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A 64-year-old woman presented to the emergency department with a 1-day temperature of 38.9°C (102°F). The patient had some accompanying cough, nausea, and arthralgias but denied having dyspnea, emesis, and chest or abdominal pain. She had a complicated medical history that was significant for non-Hodgkin lymphoma, chronic diarrhea, myelodysplastic syndrome treated with chemotherapy, and Behçet syndrome treated with prednisone acetate (6 mg daily). Her surgical history was significant for a previous right-sided hemicolectomy due to recurrent right-sided diverticulitis. On examination, she was alert and awake with appropriate mental status. Her vital signs were as follows: blood pressure of 150/59 mm Hg, heart rate of 127 beats per minute, respiratory rate of 20 breaths per minute, temperature of 38.5°C (101.3°F) (oral), and an oxygen saturation as measured by pulse oximetry of 99% in room air. The physical examination was unremarkable. Significant laboratory data included a white blood cell count of 2700/μL (reference range, 4800-10 800/μL; to convert to ×109 per liter, multiply by 0.001), a lactic acid level of 19.8 mg/dL (to convert to millimoles per liter, multiply by 0.111), and a platelet count of 72×103/μL (to convert to ×109 per liter, multiply by 1.0). Urinalysis showed trace blood, positive nitrite, +1 leukocyte esterase, and a white blood cell count of 2000/μL to 5000/μL. A urine culture came back positive for Klebsiella pneumonia, and a blood culture came back positive for Enterobacter sakazakii (now know as Cronobacter sakazakii). There was concern about the source of the bacteremia, so an infectious disease consult was ordered, and a computed tomographic scan of the abdomen/pelvis with contrast was performed. Figure 1 shows a coronal, reformatted image of the scan. The patient was scheduled for surgery, and the findings are shown in Figure 2.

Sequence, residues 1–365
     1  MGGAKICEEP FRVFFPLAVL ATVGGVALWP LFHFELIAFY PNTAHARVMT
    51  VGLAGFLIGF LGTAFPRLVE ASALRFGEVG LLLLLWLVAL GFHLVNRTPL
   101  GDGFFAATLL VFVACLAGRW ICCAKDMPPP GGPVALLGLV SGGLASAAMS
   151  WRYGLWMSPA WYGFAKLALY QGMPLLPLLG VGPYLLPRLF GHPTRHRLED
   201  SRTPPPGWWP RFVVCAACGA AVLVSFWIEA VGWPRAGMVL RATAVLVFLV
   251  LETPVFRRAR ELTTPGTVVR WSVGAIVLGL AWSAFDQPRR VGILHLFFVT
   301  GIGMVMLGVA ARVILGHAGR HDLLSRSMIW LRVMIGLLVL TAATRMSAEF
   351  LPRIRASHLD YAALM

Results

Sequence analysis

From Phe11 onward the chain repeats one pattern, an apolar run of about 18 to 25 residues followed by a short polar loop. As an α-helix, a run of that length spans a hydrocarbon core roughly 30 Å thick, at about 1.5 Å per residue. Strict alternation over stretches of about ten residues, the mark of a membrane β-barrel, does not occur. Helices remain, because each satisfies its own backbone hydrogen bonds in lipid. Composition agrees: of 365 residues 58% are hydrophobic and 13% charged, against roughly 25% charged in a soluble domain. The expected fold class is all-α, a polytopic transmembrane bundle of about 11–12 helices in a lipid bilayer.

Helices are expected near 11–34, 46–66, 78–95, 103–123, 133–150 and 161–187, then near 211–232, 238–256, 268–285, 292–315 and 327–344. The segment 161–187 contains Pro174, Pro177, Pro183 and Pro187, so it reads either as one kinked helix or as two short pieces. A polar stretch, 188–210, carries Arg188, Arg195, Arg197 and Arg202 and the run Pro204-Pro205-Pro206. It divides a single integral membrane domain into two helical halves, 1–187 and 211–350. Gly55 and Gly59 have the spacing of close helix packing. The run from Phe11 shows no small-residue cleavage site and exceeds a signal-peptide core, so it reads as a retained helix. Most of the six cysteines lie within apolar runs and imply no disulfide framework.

Mueller K, Eckford J, Watson RW. An Unexpected Find. JAMA Surg. 2013;148(8):791–792. doi:10.1001/jamasurg.2013.308a
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